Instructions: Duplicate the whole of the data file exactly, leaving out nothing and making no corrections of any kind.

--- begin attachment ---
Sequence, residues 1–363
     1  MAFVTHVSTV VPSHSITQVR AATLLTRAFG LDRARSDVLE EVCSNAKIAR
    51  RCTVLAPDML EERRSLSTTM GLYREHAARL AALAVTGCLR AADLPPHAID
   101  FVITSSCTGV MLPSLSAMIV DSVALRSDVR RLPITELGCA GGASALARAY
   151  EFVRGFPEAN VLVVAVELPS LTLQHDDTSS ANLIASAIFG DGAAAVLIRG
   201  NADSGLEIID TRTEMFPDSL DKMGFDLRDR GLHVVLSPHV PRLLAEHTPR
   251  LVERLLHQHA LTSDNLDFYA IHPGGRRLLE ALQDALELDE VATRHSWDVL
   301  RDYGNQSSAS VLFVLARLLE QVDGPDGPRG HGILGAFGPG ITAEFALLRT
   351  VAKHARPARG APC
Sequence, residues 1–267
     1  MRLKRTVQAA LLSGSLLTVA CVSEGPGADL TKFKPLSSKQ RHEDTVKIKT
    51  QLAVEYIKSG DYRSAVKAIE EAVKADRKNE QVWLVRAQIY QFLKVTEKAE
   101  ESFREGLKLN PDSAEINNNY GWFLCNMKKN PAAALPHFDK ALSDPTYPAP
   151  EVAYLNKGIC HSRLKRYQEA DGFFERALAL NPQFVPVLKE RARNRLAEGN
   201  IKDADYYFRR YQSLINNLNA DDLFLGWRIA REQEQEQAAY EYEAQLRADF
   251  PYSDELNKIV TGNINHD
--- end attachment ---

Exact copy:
Sequence, residues 1–363
     1  MAFVTHVSTV VPSHSITQVR AATLLTRAFG LDRARSDVLE EVCSNAKIAR
    51  RCTVLAPDML EERRSLSTTM GLYREHAARL AALAVTGCLR AADLPPHAID
   101  FVITSSCTGV MLPSLSAMIV DSVALRSDVR RLPITELGCA GGASALARAY
   151  EFVRGFPEAN VLVVAVELPS LTLQHDDTSS ANLIASAIFG DGAAAVLIRG
   201  NADSGLEIID TRTEMFPDSL DKMGFDLRDR GLHVVLSPHV PRLLAEHTPR
   251  LVERLLHQHA LTSDNLDFYA IHPGGRRLLE ALQDALELDE VATRHSWDVL
   301  RDYGNQSSAS VLFVLARLLE QVDGPDGPRG HGILGAFGPG ITAEFALLRT
   351  VAKHARPARG APC
Sequence, residues 1–267
     1  MRLKRTVQAA LLSGSLLTVA CVSEGPGADL TKFKPLSSKQ RHEDTVKIKT
    51  QLAVEYIKSG DYRSAVKAIE EAVKADRKNE QVWLVRAQIY QFLKVTEKAE
   101  ESFREGLKLN PDSAEINNNY GWFLCNMKKN PAAALPHFDK ALSDPTYPAP
   151  EVAYLNKGIC HSRLKRYQEA DGFFERALAL NPQFVPVLKE RARNRLAEGN
   201  IKDADYYFRR YQSLINNLNA DDLFLGWRIA REQEQEQAAY EYEAQLRADF
   251  PYSDELNKIV TGNINHD